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Wednesday, 5 November 2014

Should you reject your intermarried child?

Daf Yomi Yevamos 32

Story #1. John and Sharon’s son was seriously dating a non-Jewish girl.  After much begging, pleading and cajoling, they offered him an ultimatum:  Choose her or choose us.  If you decide to marry her, we will completely sever ties with you.  Don’t ever call us again.

Story #2. Chaim and Shannon’s son was seriously dating a non-Jewish girl.  They told me about the relationship and were quick to add, ‘It’s okay.  We love our son and his girlfriend is very sweet and kind.’

The Mishnah states:  Two brothers were married to two sisters and one of the brothers died.   Afterwards, the living brother’s wife died.  The original widow remains forbidden to him forever, since she was originally forbidden to him as his wife’s sister.

The Gemara exclaims: This is obvious!  Previously we learned the case of three brothers (1, 2, and 3), two of whom (1 and 2) were married to two sisters.  One of the brothers married to the sisters (1) died and so the brother not married to a sister (3) did the levirate marriage with the widow.  Meanwhile the sister married to the other brother (2) died.  When his brother (3) dies, he is still forbidden to marry the widow, since she was once forbidden to him as his sister-in-law.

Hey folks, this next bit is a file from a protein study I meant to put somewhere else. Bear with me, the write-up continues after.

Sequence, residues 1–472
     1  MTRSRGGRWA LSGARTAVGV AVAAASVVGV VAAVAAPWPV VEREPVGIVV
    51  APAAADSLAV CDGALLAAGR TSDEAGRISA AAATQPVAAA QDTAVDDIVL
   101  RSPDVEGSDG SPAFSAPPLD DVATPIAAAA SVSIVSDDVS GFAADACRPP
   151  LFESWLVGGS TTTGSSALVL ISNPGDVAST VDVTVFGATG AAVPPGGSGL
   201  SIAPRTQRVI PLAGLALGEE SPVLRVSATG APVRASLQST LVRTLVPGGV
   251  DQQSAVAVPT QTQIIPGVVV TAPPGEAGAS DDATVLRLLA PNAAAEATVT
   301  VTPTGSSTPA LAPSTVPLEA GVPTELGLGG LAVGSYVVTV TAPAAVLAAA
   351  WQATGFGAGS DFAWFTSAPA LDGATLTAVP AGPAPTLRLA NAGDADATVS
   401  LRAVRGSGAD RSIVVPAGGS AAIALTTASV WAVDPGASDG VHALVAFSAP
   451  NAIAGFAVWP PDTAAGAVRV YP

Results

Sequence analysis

Says the Gemara: If in that case, where she was not completely rejected from the family (i.e. she was married to brother 3), we say ‘No!’ here, where she was completely rejected, how much more so!

Listen to the Talmud’s advice on relationships, rejection and maintaining boundaries.   In our first two stories, the parents had radically opposite reactions to their inter-dating child.   John and Sharon completely rejected their child, while Chaim and Shannon accepted the relationship.   The Talmud teaches us that there are times when the correct way to deal with such situations is not to reject your child, but at the same time not to be afraid to say ‘No!’ 

G-d never rejects any of His children and neither should you.  But G-d is not scared to spell out his expectations and remind us of what makes him happy.  Too many parents faced with children who put them in an awkward position simply give up and accept defeat. 

Life is full of challenges.  As long as you are still alive, the Almighty wants you to face your challenges.  Think of David in the Bible.  He could have just accepted that Goliath was way too big a problem to tackle.   But instead he said: Let me run straight toward the issue and tackle him head on.

Your job as a parent is to love your child unconditionally but never cease to remind them about what’s important in life.  About your family’s values.  About the thousands of dollars you invested into their Jewish education to ensure they would make the right decisions.


Love your child.  Never reject them.  But never be afraid to stand your ground.  You are their connection to the chain of tradition that goes back to Mt. Sinai.  If you won’t tell them, who will?